A new dog bed can be an important purchase for pet owners. It not only keeps your dog comfortable while he sleeps, but it also gives him an alternative to your own bed, couch or favorite armchair. Before you buy a dog bed, you need to consider several factors, including your dog's size, health and sleeping style. With many options available on the market, your dog's bed can be as customized as your own bed.
Select the correct size bed for your dog. Measure your dog's length with a tape measure while he's lying down in his typical sleep position. Add several inches to the measurement to give him a little wiggle room. Keep in mind that the size of the bed that you dog would choose if he could make the choice might not seem to you to match his body. Some big dogs like to curl up in small, cozy beds, while a small dog might like to stretch out full-length on a bigger bed.
Determine what shape of dog bed you want to purchase. You can choose a traditional oval bed, a round bed, a square bed or a rectangular bed. Some dog beds look like little overstuffed armchairs; others look like small beanbag chairs, while still others are shaped like small sofas. Find a dog bed that both suits your dog's sleeping style and looks nice in your space.
Decide whether your pet needs a dog bed with special features. Older dogs who suffer from arthritis often prefer a bed with memory foam padding, or a heated dog bed that will warm and soothe sore joints. Thick-coated dogs, however, might not appreciate an overly warm bed.
Select a dog bed that comes with a removable, machine-washable cover. You want a bed that's easy to keep clean, especially if you have a heavy shedder or a dog who likes to get dirty. Older dogs sometimes have bladder leakage, so consider a bed with a waterproof covering if you have a mature companion animal.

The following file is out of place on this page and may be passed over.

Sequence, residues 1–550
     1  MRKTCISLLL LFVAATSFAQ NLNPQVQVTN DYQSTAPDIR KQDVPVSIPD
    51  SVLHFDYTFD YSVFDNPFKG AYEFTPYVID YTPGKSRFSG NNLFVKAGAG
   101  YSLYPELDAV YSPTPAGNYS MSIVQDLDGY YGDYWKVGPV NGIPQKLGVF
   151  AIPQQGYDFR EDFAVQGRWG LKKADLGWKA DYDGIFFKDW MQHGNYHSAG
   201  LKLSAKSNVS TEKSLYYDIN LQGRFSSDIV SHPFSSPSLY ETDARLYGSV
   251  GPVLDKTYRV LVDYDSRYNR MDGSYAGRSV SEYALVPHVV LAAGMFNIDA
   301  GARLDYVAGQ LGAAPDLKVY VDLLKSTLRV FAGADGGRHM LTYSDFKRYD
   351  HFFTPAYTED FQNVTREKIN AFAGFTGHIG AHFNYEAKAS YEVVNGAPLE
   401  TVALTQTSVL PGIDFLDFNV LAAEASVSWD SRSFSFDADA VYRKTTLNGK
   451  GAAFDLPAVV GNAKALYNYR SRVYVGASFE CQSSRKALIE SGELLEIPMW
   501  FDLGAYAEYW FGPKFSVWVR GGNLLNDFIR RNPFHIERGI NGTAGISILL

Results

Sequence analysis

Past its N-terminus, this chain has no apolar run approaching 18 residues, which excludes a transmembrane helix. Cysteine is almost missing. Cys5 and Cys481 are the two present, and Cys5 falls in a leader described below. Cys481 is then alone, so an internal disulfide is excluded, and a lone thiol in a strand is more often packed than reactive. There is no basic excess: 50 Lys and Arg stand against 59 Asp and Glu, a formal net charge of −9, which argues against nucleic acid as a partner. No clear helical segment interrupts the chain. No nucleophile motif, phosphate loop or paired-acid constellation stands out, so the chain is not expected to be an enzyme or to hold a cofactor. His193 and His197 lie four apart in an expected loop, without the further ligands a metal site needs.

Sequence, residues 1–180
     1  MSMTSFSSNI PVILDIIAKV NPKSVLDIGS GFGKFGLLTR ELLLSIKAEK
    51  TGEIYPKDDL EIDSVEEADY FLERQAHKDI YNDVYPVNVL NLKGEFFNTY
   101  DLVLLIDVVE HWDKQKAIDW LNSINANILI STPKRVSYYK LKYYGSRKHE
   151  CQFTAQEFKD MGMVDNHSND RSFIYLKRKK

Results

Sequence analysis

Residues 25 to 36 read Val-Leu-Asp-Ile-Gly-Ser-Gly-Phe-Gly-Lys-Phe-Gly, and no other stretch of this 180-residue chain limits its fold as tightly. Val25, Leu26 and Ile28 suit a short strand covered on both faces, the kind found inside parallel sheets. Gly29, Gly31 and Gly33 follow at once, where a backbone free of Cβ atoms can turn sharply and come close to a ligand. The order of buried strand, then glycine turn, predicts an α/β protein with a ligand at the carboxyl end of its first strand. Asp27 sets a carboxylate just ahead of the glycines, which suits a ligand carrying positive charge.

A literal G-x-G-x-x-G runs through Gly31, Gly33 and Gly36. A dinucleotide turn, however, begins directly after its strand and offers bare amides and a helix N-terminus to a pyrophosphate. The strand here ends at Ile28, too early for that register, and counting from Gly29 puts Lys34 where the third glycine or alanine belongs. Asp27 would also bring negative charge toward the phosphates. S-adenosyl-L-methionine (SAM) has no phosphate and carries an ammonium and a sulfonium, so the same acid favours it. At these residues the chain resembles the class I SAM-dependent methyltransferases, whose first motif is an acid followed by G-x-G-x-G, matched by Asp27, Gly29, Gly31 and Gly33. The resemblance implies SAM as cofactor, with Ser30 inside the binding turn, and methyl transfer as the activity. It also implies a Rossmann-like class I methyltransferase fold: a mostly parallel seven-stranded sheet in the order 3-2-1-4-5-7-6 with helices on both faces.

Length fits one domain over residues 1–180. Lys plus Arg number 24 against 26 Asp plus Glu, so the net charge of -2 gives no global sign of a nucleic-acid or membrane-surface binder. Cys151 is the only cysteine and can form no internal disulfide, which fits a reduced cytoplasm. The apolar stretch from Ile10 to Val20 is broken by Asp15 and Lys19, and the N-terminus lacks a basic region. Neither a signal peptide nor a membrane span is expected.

Test the dog bed's filling by pressing down on it with your palm. Only purchase a pet bed that springs back into shape immediately. Dogs with thin coats or low body fat might appreciate a thicker padded filling, but dogs who prefer to sleep on the floor might enjoy a mat with very little padding. If you worry about keeping your dog pest-free, buy a dog bed filled with cedar chips, which are a natural insect repellent.
Think about the accessibility of the dog bed. You want to be sure your dog can easily get into and out of his bed. If you have an older dog, or one with short legs, look for a bed with low sides for easier access.
Set your dog-bed budget. Dog beds can run anywhere from less than $20 for a simple, oval bed to more than $1,000 for a custom-made chaise lounge. Have an idea of what you want to spend before you start looking.
Don't buy a dog bed that's too small for your dog. If you do, your dog won't enjoy sleeping in it and likely won't ever use it.
If your pet store allows it, take your dog with you while shopping for his bed. That way, you can observe his reaction to the different types of pet beds.
If you purchase a cedar-filled dog bed, buy a few refills at the same time. Cedar chips lose their natural insect-repelling abilities after a time, so you'll need to replace them.
Buy at least one extra dog bed cover so your dog can sleep on one while you wash the other.
An Item You Will Need
- Tape measure
- westie in bed image by Alan James from Fotolia.com